It’s believed a mysterious fish kill in Okanagan Lake last summer may be responsible for a plunge in numbers of shore-spawning kokanee last fall.
Only 78,000 shore spawners were counted, compared to a record high last year of 276,000.
Stock assessment biologist Paul Askey with the natural resource operations ministry says something was “weird” this fall. “I have a feeling we missed something this year (in the count).”
However, there were thousands of fish found dead on the lake this summer, and they have no way of determining how many dead ones didn’t show up, so what the real numbers were, he said.
“There could have been more lost there,” he added.
He’s confident that in-lake conditions can support the fish, but he says he gets the sense that stream restoration does result in increases.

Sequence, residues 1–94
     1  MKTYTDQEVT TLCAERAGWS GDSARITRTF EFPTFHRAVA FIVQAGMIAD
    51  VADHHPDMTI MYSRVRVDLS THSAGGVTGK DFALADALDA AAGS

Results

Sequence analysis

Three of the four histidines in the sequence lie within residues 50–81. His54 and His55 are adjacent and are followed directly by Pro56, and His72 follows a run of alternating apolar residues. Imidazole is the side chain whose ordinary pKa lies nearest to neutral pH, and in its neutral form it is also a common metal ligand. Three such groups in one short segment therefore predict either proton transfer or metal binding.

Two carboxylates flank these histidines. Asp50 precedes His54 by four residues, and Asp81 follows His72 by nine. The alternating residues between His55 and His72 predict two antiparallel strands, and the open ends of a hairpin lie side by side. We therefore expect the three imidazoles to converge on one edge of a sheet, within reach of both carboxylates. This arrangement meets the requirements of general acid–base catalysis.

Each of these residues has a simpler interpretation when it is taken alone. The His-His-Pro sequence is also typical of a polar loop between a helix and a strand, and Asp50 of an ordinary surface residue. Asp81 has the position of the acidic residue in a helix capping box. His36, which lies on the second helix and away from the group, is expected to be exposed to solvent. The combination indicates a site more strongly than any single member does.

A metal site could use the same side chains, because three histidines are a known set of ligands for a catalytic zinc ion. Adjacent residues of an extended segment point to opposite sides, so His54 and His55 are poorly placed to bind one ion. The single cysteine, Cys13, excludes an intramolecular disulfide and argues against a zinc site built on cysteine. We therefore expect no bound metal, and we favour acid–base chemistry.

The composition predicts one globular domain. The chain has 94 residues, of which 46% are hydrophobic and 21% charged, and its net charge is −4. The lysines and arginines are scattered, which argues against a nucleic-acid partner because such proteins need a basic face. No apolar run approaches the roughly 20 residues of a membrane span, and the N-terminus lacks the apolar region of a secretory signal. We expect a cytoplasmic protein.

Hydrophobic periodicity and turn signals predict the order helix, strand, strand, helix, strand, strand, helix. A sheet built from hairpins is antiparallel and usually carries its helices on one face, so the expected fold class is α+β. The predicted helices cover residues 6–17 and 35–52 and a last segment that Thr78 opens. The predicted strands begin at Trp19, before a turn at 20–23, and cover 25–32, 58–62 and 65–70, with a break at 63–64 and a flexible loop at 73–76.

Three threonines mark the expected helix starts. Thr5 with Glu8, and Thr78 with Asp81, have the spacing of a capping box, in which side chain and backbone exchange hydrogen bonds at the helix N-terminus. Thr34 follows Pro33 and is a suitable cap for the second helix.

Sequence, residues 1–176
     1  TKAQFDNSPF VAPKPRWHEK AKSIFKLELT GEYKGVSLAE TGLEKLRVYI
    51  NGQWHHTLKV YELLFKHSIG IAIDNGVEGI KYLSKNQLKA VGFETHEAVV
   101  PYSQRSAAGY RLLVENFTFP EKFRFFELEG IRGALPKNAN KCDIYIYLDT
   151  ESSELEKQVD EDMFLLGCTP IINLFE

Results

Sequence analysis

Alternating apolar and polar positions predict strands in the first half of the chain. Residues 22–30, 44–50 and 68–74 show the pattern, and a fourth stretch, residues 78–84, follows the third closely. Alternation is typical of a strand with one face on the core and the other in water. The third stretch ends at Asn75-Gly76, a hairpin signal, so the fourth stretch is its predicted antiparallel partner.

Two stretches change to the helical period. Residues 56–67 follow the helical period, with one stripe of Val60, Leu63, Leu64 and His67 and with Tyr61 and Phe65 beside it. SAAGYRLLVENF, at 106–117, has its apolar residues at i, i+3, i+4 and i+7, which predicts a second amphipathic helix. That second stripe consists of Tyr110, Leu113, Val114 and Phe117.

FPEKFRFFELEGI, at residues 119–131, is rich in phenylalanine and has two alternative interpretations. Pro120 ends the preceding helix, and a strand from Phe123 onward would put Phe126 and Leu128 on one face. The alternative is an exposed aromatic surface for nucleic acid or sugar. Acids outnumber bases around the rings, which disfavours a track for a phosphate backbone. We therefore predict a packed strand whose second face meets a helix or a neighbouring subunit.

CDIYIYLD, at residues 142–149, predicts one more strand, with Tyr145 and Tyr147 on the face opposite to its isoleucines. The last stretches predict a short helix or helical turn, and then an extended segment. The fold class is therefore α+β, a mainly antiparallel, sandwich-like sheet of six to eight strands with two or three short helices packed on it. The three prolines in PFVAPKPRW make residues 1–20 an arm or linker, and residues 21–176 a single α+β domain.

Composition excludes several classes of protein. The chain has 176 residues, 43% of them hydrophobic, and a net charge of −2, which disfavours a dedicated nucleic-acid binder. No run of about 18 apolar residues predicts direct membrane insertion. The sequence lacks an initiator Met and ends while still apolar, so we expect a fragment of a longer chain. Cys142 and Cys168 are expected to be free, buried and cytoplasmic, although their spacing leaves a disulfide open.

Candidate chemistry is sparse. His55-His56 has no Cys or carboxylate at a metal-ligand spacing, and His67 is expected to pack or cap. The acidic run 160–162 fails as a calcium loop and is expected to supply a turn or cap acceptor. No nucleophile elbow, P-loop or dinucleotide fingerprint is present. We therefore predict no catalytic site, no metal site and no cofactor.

For instance, he noted that the number of stream spawners in the man-made Mission Creek Spawning Channel were 6,600 in the channel, which is average to above-average, while numbers in the main stream were 6,300.
“That gives us a clue that stream habitat work is worthwhile,” he commented.
In total there were 20,000 stream spawners this year, up slightly from the 18,000 counted last year, but far below the numbers counted in 1991, when more than 94,000 were counted in Mission Creek alone.
He admitted that the numbers in Okanagan Lake this year were disappointing, although he said the numbers in both Kalamalka Lake and Skaha Lake were fine this year.
“We need to keep working on stream habitat,” he commented.